• Carbon Disclosure Project (CDP) Supply Chain
  • We Are Still In
  • Publicly available climate risk tools

Walmart product sourcing
Walmart supplier engagement
Leadership and advocacy in retail & CPG industry
Philanthropy (Walmart & Walmart Foundation)
  • Safe Trace w/ WMT China & Chile
  • RSPO
  • UTZ-Rainforest Alliance, Fair Trade USA
  • FSC, SFI, Programme for the Endorsement of Forest Certifications
  • Project Gigaton: Forests
  • Consumer Goods Forum – Forest Positive Coalition of Action
  • Tropical Forest Alliance
  • One Planet Business for Biodiversity 
  • Business for Nature (WBCSD)
  • Sustainable Coffee Challenge (Conservation International)
  • Strengthening certifications 
  • Advancing transparency and actionable data 
  • Place-based programs
  • Acres for America program
Agriculture, land, watersheds
  • Preferred cotton goal: Better Cotton Initiative, Cotton USA, organic cotton, recycled cotton, Fair Trade USA cotton
  • Project Gigaton: Sustainable agriculture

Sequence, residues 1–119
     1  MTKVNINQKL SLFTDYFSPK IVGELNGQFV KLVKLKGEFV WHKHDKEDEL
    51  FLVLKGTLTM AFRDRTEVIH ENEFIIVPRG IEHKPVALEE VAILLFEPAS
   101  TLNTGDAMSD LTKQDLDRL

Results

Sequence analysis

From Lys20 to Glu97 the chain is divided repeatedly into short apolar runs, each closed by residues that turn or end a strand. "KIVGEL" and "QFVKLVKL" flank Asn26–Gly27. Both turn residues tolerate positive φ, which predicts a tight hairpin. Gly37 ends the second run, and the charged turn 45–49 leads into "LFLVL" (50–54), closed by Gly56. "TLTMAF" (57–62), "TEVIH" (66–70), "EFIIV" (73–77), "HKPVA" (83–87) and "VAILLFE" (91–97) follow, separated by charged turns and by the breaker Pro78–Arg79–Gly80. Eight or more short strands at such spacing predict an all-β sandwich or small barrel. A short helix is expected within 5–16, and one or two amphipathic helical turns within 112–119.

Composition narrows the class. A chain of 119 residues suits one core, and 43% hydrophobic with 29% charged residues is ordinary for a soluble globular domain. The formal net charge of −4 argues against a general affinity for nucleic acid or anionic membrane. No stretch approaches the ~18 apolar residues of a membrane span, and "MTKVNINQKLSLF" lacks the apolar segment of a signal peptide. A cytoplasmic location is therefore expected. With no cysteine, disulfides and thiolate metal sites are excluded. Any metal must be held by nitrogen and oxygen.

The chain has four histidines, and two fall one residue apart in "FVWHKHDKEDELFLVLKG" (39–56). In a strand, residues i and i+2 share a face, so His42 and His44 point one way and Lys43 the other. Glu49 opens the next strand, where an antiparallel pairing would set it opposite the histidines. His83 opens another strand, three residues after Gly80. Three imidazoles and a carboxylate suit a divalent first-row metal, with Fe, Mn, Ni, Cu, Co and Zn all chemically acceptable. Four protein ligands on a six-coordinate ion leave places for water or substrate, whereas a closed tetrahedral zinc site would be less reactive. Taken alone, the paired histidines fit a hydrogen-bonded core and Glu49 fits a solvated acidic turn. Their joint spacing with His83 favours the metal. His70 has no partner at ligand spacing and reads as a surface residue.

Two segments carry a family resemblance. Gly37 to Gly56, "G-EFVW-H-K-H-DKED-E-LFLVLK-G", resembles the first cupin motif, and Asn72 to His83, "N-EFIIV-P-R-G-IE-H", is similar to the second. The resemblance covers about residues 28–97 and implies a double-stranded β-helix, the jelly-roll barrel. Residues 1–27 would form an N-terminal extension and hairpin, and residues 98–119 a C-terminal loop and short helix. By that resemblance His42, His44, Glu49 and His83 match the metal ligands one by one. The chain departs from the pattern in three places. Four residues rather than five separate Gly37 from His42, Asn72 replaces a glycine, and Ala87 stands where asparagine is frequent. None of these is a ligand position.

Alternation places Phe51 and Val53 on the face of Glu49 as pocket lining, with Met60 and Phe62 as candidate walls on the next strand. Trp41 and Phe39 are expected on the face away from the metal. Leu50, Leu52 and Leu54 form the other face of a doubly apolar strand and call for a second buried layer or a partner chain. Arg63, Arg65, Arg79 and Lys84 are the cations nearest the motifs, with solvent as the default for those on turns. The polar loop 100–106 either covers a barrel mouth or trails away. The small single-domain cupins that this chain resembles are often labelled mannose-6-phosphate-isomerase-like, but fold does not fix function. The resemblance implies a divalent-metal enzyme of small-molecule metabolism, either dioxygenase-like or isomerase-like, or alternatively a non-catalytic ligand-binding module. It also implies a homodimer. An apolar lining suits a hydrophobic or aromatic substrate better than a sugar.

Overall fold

• Textile production – Higg Facility Environmental Module (FEM) adoption goal
  • Pollinator policy (April 2021) and pollinator health requirements –Lawn and Garden, Produce
  • Midwest Row Crop Collaborative (co-founder)
  • U.S. Roundtable for Sustainable Beef
  • Strengthening certifications
  • Advancing transparency and actionable data
  • Place-based programs
  • Acres for America program
  • MSC, BAP, ASC, GSSI, Global GAP
  • Seafood Taskforce (STF) 
  • STF
  • Seafood Fisheries Partnership 
  • Strengthening certifications
  • Advancing transparency and actionable data
  • Place-based programs

Walmart product sourcing
Walmart supplier engagement
Leadership and advocacy in retail & CPG industry
Philanthropy (Walmart & Walmart Foundation)
Packaging waste
  • 100% reusable, recyclable, compostable private brand packaging by 2025
  • Category-level targets and initiatives
  • Plastic survey and reporting
  • Sustainable Packaging Playbook
  • Sustainable Packaging Summits
  • SystemIQ workshops by packaging type
  • Ellen MacArthur Foundation (core partner)
  • Plastics Pacts (advisor and member, U.S., Canada, Mexico)
  • Consumer Goods Forum – Plastic Waste Coalition for Action (co-lead)
  • Beyond the Bag, Closed Loop Partners (co-founder)
  • The Recycling Partnership (Circularity Council advisor and member)
  • Sustainable Packaging Coalition (member)
  • Recycling infrastructure